President Ma Ying-jeou (馬英九) is to lead Cabinet members in his capacity as Chinese Nationalist Party (KMT) chairman on a tour of 22 cities and counties starting on Saturday to meet with local party representatives in what some say is a move to reinforce his status in the party in the run-up to the party’s chairperson election next year.
According to sources within the KMT who spoke on condition of anonymity, Ma is scheduled to start the tour with a forum at Taipei’s Chien Tan Overseas Youth Activity Center that will be attended by party representatives from Taipei and Keelung.
Officials with expertise in internal affairs and transportation are to accompany Ma during each party meeting, which serve as platforms for local party members to convey their opinions on various issues and are off-limits to the public, the source said.
Covering at least 22 cities and counties across Taiwan, the tour is likely to take four or five months, the source added.
The trip is interpreted by many as Ma’s effort to pave the way for his re-election as KMT chairman, the source said, especially at a time when his approval rating, as well as that of his administration, have hit rock bottom due to a number of unpopular policies implemented since his re-election in January.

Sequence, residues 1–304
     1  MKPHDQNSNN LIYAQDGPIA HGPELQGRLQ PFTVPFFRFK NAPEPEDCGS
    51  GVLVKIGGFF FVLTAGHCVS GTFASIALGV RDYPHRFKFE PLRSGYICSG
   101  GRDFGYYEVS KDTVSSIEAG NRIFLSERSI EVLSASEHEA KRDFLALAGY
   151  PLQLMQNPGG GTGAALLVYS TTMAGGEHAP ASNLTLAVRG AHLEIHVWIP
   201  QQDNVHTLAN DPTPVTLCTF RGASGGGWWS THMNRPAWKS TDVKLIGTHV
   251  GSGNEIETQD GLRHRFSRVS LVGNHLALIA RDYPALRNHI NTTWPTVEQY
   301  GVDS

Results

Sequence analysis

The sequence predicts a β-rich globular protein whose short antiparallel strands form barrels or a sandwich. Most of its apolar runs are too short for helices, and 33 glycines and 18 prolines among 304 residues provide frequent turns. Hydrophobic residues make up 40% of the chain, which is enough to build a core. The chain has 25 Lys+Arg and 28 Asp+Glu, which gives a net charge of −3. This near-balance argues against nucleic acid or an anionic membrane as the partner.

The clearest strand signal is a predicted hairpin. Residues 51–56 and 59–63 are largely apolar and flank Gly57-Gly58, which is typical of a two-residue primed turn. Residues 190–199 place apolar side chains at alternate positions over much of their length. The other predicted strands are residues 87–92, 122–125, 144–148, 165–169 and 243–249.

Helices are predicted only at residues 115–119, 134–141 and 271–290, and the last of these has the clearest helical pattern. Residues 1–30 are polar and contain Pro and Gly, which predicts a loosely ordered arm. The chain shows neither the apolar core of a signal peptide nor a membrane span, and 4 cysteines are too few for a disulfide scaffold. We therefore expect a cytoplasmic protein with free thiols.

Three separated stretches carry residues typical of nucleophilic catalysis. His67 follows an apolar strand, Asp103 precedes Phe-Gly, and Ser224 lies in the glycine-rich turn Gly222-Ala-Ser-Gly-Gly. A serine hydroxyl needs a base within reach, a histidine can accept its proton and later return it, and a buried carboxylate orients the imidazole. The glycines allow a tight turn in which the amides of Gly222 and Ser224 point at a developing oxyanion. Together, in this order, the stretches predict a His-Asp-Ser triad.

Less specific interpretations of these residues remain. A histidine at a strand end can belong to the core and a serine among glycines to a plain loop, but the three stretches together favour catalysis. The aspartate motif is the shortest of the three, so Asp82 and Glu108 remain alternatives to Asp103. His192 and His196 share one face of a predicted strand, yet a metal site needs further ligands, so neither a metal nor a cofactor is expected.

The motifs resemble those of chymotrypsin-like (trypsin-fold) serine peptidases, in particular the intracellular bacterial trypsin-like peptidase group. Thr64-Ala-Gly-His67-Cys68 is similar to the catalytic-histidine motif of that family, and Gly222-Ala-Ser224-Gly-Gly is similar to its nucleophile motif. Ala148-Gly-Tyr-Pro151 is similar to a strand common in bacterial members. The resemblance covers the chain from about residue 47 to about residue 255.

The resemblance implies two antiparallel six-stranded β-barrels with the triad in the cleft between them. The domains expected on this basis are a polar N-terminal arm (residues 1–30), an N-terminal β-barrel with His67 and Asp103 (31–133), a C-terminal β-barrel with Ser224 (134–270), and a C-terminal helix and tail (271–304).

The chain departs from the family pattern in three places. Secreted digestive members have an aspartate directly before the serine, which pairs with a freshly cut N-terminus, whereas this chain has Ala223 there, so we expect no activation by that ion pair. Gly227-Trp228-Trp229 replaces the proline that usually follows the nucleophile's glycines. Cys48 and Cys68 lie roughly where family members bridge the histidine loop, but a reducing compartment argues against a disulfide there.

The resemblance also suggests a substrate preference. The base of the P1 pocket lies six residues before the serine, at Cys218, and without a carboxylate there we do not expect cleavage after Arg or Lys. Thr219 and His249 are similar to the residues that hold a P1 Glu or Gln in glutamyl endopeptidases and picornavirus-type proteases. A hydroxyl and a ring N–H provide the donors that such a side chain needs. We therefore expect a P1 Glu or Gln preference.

The dive in Ma’s popularity, coupled with his controversial policies, such as the relaxation of the ban on imports of beef containing ractopamine residues, electricity and fuel price hikes, and levying a capital gains tax on securities transactions, have prompted some KMT members to openly criticize Ma and distance themselves from him.
Initially, Ma only hinted at the possibility that he might seek re-election as KMT chairman at his inauguration on May 20.
However, when reports started surfacing in early July that some KMT members wished Ma would step down as chairman, he responded by officially announcing his re-election bid at a meeting of the party’s Central Standing Committee on July 11.
Meanwhile, an insider within the pan-blue camp said that the KMT could be in danger of losing the 2014 seven-in-one elections and the 2016 presidential election if the Ma administration continues failing to make substantial achievements.
In a last-ditch attempt to save the party from losing its hold on power, the source said some pan-blue politicians had several lobbied senior KMT members to run against Ma for party chairmanship, but added that “the possibility [of this happening] was virtually zero.”
“Some pan-blue politicians had also pinned their hopes on reuniting the KMT around a highly prestigious ‘retired financial veteran,’” the source added.
However, Ma would most likely remain atop the party’s throne since no one has challenged him yet, the source said, because no other KMT members seemed willing to bear the risk of losing the seven-in-one elections, nor shoulder the heavy-lifting of reconstructing the party.
The seven-in-one elections will be held concurrently to fill for the posts of mayors and councilors of the five special municipalities, county commissioners and councilors, city mayors and councilors, township chiefs and councilors, borough wardens and village heads.